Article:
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OmniAuth questions

leastbad β€’
I'm trying to reverse engineer years' worth of what people who have been using OmniAuth take completely for granted, so my apologies if some of these questions seem derp or out of scope for this forum. It's surprisingly difficult to find straight answers to some of these questions, and you folks are clearly pretty smart.

First, what is the relationship between the omniauth gem and the many omniauth-provider gems? Are you intended to use them together? I notice that the public version of JumpStart uses omniauth-facebook, -github and -twitter but does not include the omniauth gem itself, whereas the JumpStartPro Gemfile uses omniauth but there's no provider gems defined; I expect that these get installed into config/jumpstar/Gemfile by the configuration tool. However, the fact remains that the Omniauth gem is present. In what scenarios do you need just providers vs both? Is there a viable scenario where you use just Omniauth but no providers? (I know the Developer provider is not intended for production.)

I thought, briefly, that perhaps omniauth was what you would use to make your app into an Oauth provider that people could use to authenticate you to other sites, but that does not seem to be the case. It's an academic question at this point, but if I did want a future version of society to use my app to login to other apps, what gem or tool would I use?

Bonus round questions:

What's the current status of OpenID? I know that there's https://github.com/m0n9oose/omniauth_openid_connect but I am really asking: is OpenID Still A Thing?

Does WebAuthn factor into omniauth in a meaningful way, or is the specification still too early? Long ago we were told that people would someday be logging into sites via UI in their browsers and that the whole authentication handshake would be abstracted... did that future ever come to pass? https://developer.mozilla.org/en-US/docs/Web/API/Web_Authentication_API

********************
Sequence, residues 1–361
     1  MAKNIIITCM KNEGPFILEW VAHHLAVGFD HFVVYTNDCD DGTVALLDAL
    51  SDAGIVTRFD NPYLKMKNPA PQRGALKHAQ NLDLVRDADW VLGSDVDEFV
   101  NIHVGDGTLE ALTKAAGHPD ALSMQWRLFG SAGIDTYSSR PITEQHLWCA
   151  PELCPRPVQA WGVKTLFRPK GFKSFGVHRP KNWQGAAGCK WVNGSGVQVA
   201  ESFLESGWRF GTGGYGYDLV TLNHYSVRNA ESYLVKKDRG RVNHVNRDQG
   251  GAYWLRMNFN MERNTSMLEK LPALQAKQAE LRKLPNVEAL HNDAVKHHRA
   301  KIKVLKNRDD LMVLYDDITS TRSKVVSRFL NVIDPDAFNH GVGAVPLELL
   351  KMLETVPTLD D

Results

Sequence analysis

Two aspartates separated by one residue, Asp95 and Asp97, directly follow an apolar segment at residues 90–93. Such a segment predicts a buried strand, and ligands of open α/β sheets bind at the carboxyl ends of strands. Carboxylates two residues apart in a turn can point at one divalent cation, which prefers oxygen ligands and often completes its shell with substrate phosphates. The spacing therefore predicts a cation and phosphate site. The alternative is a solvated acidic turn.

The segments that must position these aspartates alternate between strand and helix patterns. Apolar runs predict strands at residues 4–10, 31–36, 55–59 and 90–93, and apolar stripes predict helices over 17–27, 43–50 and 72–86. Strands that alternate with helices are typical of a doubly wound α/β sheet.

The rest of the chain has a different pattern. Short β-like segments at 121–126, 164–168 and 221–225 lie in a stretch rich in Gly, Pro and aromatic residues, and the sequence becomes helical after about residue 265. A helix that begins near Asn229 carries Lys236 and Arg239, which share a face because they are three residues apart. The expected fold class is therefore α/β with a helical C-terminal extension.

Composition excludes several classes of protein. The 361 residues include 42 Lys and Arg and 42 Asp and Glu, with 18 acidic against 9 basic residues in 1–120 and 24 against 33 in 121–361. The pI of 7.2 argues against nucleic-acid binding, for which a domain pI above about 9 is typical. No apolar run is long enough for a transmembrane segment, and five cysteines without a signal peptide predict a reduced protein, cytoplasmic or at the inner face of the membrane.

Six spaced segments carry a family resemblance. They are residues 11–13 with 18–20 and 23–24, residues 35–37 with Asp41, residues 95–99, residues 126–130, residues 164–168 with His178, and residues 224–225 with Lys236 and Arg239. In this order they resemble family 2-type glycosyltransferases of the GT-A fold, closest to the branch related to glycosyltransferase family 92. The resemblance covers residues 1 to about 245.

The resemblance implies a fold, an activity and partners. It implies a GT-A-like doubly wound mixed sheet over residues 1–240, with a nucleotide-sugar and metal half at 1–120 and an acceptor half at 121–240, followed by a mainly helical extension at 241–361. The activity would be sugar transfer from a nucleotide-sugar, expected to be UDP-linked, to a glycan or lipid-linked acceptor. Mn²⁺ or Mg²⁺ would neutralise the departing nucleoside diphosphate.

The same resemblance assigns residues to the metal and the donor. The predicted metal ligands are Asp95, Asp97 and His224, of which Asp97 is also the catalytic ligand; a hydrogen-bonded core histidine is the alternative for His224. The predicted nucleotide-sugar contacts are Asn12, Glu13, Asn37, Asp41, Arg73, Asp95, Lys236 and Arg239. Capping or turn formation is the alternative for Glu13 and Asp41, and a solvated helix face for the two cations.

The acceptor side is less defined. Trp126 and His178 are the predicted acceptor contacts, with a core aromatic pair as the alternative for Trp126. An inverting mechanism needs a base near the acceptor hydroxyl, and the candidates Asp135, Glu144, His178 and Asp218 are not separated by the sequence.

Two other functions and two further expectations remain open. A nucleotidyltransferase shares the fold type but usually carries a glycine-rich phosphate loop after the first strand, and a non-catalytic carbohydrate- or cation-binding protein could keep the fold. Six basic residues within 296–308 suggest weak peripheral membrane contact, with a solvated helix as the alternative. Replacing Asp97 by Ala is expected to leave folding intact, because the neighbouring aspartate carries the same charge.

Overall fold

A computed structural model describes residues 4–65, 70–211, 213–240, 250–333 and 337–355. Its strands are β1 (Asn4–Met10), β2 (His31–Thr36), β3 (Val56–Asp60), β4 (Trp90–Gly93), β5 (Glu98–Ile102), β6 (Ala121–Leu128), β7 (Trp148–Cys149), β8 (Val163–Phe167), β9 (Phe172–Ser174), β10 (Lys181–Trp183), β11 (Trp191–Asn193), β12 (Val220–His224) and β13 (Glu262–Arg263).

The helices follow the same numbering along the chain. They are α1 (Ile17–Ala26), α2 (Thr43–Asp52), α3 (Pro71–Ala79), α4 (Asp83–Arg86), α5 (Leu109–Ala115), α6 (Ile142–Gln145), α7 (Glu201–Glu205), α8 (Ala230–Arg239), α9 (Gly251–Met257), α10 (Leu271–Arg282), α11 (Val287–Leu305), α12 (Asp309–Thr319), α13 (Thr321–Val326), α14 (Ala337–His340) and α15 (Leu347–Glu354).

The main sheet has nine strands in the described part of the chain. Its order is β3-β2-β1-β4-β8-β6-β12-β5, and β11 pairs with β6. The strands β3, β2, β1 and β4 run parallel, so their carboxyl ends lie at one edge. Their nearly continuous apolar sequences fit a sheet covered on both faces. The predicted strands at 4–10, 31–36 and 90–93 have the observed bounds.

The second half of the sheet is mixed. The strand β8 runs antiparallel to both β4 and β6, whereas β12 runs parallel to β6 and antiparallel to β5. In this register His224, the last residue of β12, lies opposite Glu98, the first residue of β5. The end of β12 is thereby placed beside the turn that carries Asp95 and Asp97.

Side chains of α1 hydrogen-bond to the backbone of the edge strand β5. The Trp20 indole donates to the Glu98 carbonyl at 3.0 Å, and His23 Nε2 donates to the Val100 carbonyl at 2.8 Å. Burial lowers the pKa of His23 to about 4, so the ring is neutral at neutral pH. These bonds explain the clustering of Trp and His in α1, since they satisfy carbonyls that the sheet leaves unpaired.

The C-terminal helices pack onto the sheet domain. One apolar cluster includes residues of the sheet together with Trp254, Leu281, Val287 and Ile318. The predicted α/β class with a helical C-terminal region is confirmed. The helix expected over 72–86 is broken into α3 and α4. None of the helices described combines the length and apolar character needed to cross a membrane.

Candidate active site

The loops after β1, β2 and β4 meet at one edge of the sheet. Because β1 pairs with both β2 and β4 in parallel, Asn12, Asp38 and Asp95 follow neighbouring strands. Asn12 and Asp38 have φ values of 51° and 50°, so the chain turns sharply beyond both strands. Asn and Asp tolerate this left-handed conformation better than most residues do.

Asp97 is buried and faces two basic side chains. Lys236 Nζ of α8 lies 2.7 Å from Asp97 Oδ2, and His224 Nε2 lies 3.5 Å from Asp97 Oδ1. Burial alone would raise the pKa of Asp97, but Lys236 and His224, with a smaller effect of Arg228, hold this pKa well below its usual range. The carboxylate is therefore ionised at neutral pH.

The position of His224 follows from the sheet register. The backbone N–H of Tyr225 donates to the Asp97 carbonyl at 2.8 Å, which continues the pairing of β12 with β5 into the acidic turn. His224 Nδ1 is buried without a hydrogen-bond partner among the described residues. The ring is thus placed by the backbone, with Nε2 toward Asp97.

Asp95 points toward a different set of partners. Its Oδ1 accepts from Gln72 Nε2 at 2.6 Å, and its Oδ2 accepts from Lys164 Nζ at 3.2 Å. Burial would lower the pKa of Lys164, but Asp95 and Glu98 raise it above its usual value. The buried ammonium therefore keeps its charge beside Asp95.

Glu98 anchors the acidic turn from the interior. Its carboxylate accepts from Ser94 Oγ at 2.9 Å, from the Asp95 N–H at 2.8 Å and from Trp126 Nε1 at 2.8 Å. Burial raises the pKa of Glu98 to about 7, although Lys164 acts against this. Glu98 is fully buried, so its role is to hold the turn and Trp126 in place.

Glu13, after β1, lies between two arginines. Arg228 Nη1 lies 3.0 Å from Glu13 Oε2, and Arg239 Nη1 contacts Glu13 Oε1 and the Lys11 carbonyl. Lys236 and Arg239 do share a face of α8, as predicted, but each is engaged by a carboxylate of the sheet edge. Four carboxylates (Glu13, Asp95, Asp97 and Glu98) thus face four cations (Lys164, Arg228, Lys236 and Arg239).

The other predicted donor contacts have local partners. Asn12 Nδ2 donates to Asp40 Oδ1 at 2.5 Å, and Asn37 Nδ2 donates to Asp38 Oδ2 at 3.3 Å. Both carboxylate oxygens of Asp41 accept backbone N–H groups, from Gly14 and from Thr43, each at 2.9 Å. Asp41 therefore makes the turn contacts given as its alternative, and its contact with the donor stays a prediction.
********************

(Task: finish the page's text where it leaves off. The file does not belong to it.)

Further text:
Is omniauth used for API authentication flows, or is that stuff mostly handled via JWT or other credentials mechanisms now? In other words: is Oauth just for humans, or are the machines in on the action, too?

Is omniauth used for native mobile app flows? How about desktop app flows?

Is omniauth used for shell authentication flows similar to how the Heroku CLI can direct your browser to open a page, and then when you login your console shows that the handshake was completed?

Finally, can omniauth wash your car? Does omniauth feel real human emotions?
Chris Oliver β€’
You asked all the questions! 😜

The Omniauth gem is the base for all the omniauth-provider gems. They all build to the Omniauth spec, so they follow the same process and workflow. The provider gems only have to implement a couple things to handle the JSON responses and parse them appropriately. The omniauth gem is always a dependency of the omniauth-provider gem (and if it's missing, it's supposed to be there and someone probably made a mistake).

If you wanted a custom provider in your app that was just normal code, you wouldn't need a omniauth-provider gem. For example if you had some internal Oauth provider to your business.

Omniauth is only for the client consuming the provider, not creating the provider. Doorkeeper is a gem you can use to make an Oauth provider out of an app. There may be other alternatives, but I've only used Doorkeeper.